Latest Mammary ductal carcinoma Stories
Chemotherapy, radiation therapy and surgery are just a few of the treatments cancer patients undergo. These treatments may be risky, especially for those who are diagnosed with cancer at a young age.
A new study shows more than half the women aged 40-49 diagnosed with breast cancer reported no family history.
Imaging surveillance is an acceptable alternative to surgical excision in patients with benign papilloma, diagnosed at breast core biopsy without cell abnormalities, a new study shows.
More than half the women aged 40-49 diagnosed with breast cancer on screening mammography report no family history.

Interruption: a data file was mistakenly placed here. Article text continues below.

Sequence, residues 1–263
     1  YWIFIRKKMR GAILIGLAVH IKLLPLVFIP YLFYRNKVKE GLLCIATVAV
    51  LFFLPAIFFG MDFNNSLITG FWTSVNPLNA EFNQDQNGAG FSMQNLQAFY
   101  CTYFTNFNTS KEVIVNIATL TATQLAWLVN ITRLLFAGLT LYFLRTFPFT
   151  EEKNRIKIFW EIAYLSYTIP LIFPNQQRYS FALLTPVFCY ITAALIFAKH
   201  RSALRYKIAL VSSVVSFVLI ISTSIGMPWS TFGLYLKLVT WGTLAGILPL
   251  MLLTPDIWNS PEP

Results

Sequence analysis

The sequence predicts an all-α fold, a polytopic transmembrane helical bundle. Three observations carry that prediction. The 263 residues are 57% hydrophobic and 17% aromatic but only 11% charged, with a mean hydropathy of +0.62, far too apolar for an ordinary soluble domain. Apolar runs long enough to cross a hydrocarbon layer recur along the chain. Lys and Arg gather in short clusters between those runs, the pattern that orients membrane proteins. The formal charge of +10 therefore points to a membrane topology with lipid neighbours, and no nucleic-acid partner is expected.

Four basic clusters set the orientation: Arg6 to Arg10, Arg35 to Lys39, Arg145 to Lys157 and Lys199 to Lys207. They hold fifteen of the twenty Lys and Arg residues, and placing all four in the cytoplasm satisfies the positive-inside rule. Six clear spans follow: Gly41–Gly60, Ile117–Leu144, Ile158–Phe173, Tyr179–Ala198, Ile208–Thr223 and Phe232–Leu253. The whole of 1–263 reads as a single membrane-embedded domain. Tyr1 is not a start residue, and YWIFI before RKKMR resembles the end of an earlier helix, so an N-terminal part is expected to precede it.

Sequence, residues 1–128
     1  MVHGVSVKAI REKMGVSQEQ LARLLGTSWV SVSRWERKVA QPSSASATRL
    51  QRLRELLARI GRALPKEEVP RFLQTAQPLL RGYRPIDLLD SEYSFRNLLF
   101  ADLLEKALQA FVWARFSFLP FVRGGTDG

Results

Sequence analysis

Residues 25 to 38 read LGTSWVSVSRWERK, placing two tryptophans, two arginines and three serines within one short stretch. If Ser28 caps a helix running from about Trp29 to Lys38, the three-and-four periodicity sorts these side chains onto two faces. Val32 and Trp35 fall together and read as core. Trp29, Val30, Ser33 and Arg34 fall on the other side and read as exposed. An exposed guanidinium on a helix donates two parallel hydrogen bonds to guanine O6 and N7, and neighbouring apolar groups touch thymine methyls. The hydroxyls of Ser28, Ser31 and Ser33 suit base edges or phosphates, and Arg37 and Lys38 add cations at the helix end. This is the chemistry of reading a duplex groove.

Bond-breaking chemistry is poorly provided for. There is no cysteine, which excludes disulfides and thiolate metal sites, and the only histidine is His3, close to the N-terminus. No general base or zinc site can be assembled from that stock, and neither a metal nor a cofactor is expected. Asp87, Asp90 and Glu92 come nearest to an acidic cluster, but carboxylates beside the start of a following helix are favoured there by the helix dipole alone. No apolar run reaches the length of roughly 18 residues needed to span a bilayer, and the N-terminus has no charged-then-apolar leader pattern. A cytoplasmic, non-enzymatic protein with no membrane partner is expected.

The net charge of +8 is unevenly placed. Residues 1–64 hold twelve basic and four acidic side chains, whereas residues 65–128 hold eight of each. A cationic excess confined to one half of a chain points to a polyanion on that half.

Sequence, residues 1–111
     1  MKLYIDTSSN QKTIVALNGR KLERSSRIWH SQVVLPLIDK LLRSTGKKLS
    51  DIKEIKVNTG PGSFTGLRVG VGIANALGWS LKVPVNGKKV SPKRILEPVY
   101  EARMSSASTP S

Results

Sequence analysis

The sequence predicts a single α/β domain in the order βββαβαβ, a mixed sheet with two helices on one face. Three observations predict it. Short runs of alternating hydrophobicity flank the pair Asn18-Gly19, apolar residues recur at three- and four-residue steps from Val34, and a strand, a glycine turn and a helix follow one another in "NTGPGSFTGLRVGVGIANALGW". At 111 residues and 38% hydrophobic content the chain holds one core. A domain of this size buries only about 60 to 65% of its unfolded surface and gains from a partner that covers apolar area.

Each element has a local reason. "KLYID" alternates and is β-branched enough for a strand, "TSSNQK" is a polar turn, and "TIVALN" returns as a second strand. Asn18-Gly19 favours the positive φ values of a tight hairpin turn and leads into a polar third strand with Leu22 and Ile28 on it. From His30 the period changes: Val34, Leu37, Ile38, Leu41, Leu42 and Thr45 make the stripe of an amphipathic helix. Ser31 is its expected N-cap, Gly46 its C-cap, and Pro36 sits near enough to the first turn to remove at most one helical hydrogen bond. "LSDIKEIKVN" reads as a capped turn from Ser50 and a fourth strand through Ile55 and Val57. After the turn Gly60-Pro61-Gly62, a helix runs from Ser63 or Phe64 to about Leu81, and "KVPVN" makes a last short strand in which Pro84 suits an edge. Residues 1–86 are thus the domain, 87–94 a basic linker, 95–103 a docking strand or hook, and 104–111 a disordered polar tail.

Women with ductal carcinoma in situ (DCIS) have high rates of diagnostic and invasive breast procedures after treatment with breast-conserving surgery (BCS).
Women who receive “false-positive” mammography results may be at higher risk of breast cancer later in life, a new study suggests.
The use of ultrasound-guided surgery to remove tumors from women who have palpable breast cancer is much more successful than standard surgery in excising all the cancerous tissue while sparing as much healthy tissue as possible.
Negative surgical margins should be attained for ductal carcinoma in situ (DCIS) patients after breast-conserving surgery (BCS) regardless of radiotherapy, and surgeons should attempt to reach wide negative margins in their first attempt within cosmetic restraint.
Radiotherapy treatment (RT) after surgery for ductal carcinoma in situ (DCIS)  still has a major protective effect against recurrence more than 15 years later.